Treat infections — ulcerations and dry, friable tissues are prone to infection. Culture suspected infections and work with the dentist to manage the condition.
Instruct the patient on the importance of healthy eating to maintain nutritional status, emphasizing the need to avoid foods that irritate sore tissues or cause dental decay.
Teach exercises to reduce trismus — fibrosis may develop if the chewing muscles are in the direct field of radiation. Work with the dentist to teach patients how to exercise and stretch these muscles properly.
Minimizing Oral Complications of Cancer Treatment
Follow-up oral care
Once all complications of chemotherapy have resolved and blood counts have recovered, patients may resume their normal dental care schedule. It is essential that the dentist know the patient's hematologic status before initiating any dental treatment or surgery.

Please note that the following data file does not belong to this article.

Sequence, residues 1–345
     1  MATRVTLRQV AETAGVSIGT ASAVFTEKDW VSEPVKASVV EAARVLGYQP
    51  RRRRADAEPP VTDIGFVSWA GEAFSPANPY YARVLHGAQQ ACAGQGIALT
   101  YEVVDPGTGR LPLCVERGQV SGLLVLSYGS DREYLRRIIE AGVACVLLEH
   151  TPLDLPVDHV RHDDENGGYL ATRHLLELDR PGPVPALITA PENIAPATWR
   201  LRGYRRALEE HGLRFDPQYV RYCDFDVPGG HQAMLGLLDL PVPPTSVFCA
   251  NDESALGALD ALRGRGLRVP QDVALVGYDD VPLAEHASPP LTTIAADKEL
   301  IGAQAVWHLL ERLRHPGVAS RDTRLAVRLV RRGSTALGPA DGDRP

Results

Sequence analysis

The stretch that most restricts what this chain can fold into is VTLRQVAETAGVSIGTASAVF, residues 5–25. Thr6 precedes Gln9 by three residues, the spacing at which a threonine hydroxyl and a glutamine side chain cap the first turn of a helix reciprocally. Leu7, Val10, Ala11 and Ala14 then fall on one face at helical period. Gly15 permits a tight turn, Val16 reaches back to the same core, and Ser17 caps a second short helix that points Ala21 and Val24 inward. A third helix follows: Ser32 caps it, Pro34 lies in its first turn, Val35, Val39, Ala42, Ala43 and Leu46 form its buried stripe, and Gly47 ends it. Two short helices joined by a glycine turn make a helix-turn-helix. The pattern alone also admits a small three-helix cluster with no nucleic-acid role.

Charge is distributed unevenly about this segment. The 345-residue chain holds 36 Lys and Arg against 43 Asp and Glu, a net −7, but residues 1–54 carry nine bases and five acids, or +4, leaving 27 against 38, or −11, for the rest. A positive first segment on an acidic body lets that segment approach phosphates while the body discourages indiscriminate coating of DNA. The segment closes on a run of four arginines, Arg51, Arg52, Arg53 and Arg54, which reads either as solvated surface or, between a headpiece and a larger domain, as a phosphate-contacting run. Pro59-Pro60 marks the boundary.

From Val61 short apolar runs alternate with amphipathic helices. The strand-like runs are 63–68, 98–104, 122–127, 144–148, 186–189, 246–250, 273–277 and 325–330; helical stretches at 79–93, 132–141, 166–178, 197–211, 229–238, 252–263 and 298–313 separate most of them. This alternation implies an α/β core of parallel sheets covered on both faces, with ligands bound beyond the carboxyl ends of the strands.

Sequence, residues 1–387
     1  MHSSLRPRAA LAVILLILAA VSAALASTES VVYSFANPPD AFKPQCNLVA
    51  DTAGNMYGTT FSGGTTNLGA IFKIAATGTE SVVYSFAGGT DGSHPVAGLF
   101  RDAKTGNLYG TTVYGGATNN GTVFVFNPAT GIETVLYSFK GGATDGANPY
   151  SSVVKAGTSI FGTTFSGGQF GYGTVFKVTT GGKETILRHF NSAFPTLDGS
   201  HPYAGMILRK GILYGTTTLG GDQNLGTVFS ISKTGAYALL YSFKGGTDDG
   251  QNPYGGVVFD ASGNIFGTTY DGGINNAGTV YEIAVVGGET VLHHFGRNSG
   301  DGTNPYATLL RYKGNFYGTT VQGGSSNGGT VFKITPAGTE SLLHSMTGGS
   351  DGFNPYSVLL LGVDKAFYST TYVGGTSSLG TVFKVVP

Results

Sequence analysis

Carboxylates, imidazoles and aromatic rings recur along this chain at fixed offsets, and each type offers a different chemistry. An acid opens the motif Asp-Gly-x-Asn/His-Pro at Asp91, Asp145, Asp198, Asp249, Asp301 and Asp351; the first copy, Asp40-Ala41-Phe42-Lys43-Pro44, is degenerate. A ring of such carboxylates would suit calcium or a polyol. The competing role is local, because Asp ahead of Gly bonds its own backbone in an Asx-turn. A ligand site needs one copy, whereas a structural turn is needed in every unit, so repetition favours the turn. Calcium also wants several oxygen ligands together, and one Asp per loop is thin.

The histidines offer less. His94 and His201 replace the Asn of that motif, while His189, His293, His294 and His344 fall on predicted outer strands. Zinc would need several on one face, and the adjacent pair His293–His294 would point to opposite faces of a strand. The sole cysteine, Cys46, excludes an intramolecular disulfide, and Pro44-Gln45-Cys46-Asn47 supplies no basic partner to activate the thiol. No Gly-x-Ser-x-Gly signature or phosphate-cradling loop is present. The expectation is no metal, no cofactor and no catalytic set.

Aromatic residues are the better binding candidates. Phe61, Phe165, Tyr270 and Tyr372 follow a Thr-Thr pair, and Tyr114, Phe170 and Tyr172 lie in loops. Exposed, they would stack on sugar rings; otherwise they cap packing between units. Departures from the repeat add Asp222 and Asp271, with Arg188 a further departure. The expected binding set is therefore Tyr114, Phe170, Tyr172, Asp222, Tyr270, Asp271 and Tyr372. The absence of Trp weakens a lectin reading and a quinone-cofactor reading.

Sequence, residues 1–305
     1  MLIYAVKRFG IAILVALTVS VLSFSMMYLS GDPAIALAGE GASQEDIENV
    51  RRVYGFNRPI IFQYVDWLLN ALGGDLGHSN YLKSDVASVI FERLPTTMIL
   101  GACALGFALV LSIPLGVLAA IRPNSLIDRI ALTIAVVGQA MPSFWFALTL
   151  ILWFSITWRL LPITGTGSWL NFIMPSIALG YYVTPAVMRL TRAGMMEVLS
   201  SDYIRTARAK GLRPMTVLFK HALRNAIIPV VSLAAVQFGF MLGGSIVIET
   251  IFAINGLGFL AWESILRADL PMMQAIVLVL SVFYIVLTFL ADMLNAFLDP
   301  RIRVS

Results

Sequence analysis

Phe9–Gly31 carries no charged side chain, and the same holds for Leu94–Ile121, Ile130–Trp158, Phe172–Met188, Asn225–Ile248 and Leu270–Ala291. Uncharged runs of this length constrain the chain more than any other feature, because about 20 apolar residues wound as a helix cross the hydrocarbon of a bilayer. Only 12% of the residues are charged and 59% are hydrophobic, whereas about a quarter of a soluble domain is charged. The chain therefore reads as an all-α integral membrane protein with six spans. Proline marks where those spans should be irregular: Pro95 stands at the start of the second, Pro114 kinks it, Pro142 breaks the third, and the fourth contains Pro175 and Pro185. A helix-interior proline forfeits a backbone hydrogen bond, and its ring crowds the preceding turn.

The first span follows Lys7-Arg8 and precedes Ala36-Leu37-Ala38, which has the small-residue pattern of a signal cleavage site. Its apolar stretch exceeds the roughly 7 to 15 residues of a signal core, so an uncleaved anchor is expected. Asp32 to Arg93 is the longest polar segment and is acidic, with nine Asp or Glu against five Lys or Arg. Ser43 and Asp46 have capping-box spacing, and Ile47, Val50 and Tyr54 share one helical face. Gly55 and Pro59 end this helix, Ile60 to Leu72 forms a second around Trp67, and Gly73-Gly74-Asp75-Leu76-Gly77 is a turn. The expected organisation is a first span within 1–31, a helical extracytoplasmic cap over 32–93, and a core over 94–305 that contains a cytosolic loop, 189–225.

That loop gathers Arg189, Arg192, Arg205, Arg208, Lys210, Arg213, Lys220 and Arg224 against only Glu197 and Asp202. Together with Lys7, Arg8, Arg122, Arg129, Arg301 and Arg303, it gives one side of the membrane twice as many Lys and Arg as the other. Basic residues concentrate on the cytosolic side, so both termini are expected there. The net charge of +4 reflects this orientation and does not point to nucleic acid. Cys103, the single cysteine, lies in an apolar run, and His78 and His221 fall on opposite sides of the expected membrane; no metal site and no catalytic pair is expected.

Once radiation therapy has been completed and acute oral complications have abated, the patient should be evaluated by a dentist every four to eight weeks for the first six months. Thereafter, the dentist can determine a schedule based on the needs of the individual patient.
Long-term problems following head and neck radiation therapy
Radiation therapy to the head and neck can cause oral complications that continue or emerge long after treatment has ended. Although patients may no longer be under an oncologist's care at that time, what they learn about oral health during their treatment will affect how they deal with subsequent complications. Patients receiving radiation therapy need to know about its risks:
High-dose radiation treatment carries a lifelong risk of osteonecrosis, xerostomia and dental cavities
Because of the risk of osteonecrosis, people who have received radiation should avoid invasive surgical procedures (including extractions) that involve irradiated bone